Gender Discrimination Against Nurses or Other Healthcare Providers?

  1. I'm probably going to regret starting this thread, but this is a question I've been pondering over for a while now- since I saw a thread discussing a nurse who was put in a difficult position by having to assume responsibility for a racist patient who refused her care. Hopefully no one on this forum disagrees that refusing care from a healthcare professional based on skin color is unquestionably wrong. However, it seems a lot of people disagree on whether a woman can refuse healthcare from a man.
    It seems obvious to me that there are many situations in which a woman would rather have a female take care of her, and in which that would be perfectly okay. Most requests of this kind involve a procedure in which a degree of vulnerability is assumed- I'm pretty sure no one's ever said she won't have a man do her charting or something like that Sexual assault victims, for example, could be distressed by a man's touch or even his presence. Is it discrimination to refuse care from a man in that case?
    What if you were an Orthodox Jewish woman or a practicing Muslim woman who would, for religious reasons and modesty rules, prefer a female healthcare provider if they were to be touched or have to undress?
    What if you just don't want a strange man to see parts of your body that you keep private, even in a completely professional capacity, and that makes you feel uncomfortable or unsafe?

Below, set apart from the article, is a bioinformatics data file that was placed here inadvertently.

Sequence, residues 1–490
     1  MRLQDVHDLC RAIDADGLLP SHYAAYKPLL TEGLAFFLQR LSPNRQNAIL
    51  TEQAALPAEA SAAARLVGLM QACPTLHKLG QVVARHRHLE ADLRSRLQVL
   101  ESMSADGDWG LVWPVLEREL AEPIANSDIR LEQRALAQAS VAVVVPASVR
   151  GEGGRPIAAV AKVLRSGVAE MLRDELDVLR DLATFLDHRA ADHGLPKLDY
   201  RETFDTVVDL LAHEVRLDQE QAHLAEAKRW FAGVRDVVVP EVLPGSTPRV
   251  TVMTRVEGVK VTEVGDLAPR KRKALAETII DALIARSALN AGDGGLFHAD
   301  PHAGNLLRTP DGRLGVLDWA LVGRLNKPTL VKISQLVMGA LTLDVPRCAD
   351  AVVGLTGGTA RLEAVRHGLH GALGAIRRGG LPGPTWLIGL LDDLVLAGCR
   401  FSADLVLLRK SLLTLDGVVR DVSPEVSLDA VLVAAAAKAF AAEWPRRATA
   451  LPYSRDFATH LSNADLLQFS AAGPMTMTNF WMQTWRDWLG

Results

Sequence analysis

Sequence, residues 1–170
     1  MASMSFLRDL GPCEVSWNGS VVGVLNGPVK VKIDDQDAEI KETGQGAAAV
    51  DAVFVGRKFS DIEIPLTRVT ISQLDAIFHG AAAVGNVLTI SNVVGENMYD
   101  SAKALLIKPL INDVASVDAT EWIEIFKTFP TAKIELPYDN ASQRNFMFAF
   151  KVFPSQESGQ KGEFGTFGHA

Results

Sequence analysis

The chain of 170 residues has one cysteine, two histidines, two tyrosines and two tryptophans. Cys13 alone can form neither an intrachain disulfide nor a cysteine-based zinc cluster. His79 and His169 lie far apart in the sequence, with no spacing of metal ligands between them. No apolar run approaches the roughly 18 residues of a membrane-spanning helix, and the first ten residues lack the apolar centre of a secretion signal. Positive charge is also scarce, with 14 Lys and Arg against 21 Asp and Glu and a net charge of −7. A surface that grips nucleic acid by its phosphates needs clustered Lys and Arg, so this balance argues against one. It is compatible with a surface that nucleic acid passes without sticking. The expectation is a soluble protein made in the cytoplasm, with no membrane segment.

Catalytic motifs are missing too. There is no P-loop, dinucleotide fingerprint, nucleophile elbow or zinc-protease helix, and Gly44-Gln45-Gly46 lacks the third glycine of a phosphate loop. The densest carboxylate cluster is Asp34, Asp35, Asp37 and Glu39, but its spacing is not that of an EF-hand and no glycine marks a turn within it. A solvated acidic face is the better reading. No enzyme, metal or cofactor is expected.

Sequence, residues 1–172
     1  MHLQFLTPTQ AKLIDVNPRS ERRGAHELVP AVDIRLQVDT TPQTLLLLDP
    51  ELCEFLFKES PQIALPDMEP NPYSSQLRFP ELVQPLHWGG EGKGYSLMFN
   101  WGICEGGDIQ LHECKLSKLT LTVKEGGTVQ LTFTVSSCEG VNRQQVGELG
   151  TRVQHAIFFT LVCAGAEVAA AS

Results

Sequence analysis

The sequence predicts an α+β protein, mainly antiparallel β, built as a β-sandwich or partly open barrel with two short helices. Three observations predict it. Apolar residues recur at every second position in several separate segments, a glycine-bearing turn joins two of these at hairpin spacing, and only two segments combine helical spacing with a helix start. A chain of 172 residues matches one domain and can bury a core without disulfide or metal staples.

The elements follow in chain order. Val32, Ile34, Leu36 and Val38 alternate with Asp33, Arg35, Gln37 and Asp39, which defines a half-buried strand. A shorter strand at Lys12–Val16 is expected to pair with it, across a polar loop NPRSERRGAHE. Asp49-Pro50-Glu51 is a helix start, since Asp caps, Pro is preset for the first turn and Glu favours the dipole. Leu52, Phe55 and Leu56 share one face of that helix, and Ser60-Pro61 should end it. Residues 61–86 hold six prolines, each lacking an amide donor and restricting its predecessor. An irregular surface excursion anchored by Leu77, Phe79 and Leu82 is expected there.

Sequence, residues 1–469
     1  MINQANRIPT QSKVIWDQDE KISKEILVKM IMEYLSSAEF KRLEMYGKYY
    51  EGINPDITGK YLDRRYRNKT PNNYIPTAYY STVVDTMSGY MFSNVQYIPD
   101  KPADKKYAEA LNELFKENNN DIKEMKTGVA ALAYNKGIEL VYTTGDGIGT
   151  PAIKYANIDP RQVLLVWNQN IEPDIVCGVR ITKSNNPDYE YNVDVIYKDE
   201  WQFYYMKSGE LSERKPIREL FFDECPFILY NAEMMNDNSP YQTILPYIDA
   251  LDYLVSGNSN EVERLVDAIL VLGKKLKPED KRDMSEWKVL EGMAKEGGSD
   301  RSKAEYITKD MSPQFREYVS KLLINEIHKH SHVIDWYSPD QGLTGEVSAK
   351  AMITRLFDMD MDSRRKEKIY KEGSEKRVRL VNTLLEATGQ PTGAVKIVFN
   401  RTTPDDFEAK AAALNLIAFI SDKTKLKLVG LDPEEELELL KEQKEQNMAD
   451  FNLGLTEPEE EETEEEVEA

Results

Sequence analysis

I've seen people on here mention being refused by a patient for whatever reason, and who have gracefully arranged to have a colleague step in instead to avoid problems. I've also seen arguments over whether or not a female patient has the right to refuse a male healthcare provider and seen what seems to be a lot of anger and annoyance that people have that choice and make it- and not just from men.
    As a woman, if a man under my care said he'd rather have a man perform certain procedures I can't imagine why I would be angry at all, unless perhaps he was denigrating my capability or something like that? I just can't understand why the gender preference matter seems so wrong to some people. If a male wants a male caregiver, or a female wants a female caregiver, who are we to decide that their choice is unworthy or assume that it is based on some kind of negative gender assumption and not just their personal comfort level with the opposite sex?
  2. Poll: Do you find it reasonable for a woman to refuse care from a male for any reason?

    • Yes, I find it reasonable and understand it

      90.00% 9
    • No, I find it unreasonable and biased

      10.00% 1
    • I really can't decide

      0% 0
    10 Votes
  3. Visit CocoBug20 profile page

    About CocoBug20

    Joined: Mar '18; Posts: 13; Likes: 10
    from MO , US
    Specialty: 1 year(s) of experience

    8 Comments

  4. by   Daisy4RN